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Immigration policy fears as data reveals 42% of workforce from EU on average salary of £18,400

20 February 2020 by
Immigration policy fears as data reveals 42% of workforce from EU on average salary of £18,400

Research showing that 42% of the hospitality workforce comes from the EU and earns an equivalent average full-time salary of £18,400 (£8.85 an hour) sets out the dramatic impact the government’s new immigration policy will have in the sector.

As the Brexit transition period comes to an end, in less than 11 months, prospective workers will need a job offer from a sponsored employer with a minimum salary of £25,600 – although there is a suggestion this could drop to £20,480 in industries with staff shortages if other conditions are met – as well as meeting a minimum English language standard.

Even if these requirements are met, potential employees will need to tot up 70 points in a system that prioritises high salaries and qualifications, with the Home Office estimating that 70% of the UK’s current EU workforce would not meet the new requirements. The changes have been described as a 'hammerblow' to the industry with operators saying they are 'shocked and saddened'.

Today’s figures, released by leading global software provider Fourth, demonstrate the impact the changes could have on the hospitality workforce, a further 11% of which comes from the rest of the world.

Immigration points chart
Immigration points chart

An analysis of the hourly rates of tens of thousands of workers across 4,000 hospitality businesses suggests restaurants will be hardest hit. Fourth found that 75% of back-of-house staff and 60% of front-of-house teams are from overseas with average wages of £9.17 and £8.47, respectively.

The QSR sector is made up of 61% overseas workers and pays an average hourly wage of £9.46.

Pubs and hotels are moderately less dependent on overseas workers, according to the data, with a 33% and 40% reliance respectively.

The difficulties set to be faced are likely to be made worse by the transient nature of the hospitality workforce, with the average employee remaining in the industry for 14 months.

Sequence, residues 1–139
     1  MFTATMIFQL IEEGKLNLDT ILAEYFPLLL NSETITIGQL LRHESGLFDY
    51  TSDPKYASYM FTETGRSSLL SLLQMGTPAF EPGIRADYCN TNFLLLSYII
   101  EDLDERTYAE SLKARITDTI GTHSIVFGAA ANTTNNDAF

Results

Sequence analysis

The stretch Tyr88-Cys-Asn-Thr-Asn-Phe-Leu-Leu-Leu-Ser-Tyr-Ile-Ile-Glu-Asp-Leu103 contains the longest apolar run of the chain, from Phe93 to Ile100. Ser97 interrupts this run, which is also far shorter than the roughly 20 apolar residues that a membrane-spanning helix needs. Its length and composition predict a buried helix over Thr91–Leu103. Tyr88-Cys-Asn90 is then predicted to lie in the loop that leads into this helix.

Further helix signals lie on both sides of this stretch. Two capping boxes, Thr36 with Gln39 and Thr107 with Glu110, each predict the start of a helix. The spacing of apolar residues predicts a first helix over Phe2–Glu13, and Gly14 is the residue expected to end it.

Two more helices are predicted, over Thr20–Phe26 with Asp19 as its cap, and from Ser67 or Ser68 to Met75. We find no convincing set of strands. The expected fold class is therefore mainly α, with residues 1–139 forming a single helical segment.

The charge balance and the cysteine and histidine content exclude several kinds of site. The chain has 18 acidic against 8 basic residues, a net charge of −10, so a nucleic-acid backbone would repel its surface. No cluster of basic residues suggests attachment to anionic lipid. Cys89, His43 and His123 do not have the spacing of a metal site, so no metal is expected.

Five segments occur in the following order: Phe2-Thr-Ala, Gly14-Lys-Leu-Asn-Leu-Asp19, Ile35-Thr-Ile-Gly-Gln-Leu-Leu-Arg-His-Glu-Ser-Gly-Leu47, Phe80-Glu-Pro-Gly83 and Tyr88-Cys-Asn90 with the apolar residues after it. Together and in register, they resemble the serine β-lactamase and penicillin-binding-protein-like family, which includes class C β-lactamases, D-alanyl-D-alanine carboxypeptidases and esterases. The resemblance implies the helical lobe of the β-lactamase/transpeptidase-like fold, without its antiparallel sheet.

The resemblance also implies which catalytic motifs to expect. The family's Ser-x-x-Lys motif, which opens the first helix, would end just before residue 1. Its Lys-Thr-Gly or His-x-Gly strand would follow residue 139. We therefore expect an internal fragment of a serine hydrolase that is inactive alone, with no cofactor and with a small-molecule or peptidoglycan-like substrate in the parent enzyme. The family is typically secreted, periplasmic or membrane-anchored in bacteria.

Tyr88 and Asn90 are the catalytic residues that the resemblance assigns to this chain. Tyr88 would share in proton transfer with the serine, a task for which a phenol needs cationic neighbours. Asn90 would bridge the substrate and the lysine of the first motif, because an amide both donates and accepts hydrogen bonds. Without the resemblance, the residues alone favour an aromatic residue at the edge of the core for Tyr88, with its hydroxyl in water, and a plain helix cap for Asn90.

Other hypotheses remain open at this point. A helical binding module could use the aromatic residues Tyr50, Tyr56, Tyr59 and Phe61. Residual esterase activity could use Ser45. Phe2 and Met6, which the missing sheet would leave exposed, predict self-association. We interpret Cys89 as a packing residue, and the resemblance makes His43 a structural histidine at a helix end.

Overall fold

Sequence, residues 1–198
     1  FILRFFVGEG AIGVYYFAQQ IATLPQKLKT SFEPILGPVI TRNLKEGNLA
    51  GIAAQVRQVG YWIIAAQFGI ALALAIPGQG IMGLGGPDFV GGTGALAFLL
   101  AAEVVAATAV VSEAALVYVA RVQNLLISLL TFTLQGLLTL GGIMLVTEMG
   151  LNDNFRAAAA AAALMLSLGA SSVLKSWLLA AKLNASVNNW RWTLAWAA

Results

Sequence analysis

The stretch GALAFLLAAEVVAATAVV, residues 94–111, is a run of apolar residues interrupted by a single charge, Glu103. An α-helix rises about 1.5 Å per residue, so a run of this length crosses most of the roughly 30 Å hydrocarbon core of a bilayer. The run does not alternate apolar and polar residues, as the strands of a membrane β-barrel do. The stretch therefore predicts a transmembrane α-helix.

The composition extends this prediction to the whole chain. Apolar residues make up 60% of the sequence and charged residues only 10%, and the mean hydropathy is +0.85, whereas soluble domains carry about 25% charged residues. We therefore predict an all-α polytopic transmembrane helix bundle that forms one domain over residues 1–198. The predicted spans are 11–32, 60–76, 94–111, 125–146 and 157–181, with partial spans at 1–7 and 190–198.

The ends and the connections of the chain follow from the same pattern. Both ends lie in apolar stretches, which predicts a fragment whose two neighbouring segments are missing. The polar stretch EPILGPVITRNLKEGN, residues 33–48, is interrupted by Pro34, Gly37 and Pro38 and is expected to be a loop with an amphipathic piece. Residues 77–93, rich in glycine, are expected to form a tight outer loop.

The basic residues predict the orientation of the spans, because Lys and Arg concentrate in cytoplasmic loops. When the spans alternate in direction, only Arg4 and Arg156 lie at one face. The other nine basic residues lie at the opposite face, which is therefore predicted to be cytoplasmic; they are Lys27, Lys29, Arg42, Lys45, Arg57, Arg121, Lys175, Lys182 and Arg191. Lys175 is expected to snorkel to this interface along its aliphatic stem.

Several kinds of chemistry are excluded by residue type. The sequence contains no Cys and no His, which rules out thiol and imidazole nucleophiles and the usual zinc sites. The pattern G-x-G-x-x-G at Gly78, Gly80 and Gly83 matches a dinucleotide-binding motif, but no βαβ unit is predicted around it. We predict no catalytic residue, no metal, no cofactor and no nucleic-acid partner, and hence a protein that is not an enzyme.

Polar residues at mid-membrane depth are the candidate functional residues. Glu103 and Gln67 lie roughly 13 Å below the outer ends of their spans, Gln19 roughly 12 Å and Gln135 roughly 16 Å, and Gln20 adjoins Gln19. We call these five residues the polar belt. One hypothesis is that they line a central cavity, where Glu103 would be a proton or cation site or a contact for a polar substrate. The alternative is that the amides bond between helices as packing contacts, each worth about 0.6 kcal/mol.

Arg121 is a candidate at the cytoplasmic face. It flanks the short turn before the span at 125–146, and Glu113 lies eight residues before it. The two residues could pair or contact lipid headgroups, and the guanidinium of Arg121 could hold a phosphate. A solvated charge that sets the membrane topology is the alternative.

Mike Shipley, vice president of analytics at Fourth, said: “This move will undoubtedly add further fuel to the fire in the industry’s ongoing fight to attract and retain the best employees.

“Furthermore, the new legislation doesn’t take into consideration the specific nuances of the hospitality industry, such as tips, which are not included in the calculations for the new thresholds.

“The announcement comes after the government announced further increases to the NLW in April, which is a double blow for the industry. The already extensive pressure on wages will be further exacerbated by a shrinking pool of workers as the tap of new labour from Europe is turned off, presenting a mountain of rising labour costs for operators to climb.

“To combat this era of unprecedented wage inflation, it’s absolutely imperative that operators gain a true understanding of the current make up of their workforce, as well as looking at ways in which they can harness the power of technology and data to be more economical and efficient with how they deploy labour.”

Legal advice: Roger Gherson, partner, and Sasha Lal, consultant and trainee solicitor at Gherson Solicitors

It is clear to see that many workers in the hospitality sector will not qualify. The government would be well advised to reconsider the threshold here before the industry falls to its knees. Employers will need to provide sponsorship for any foreign national which can be a long and expensive process; and still not guarantee a stringent workforce. The best advice at this stage would be to lobby the government to think again and be prepared ahead of the new rules coming in to force next year.”

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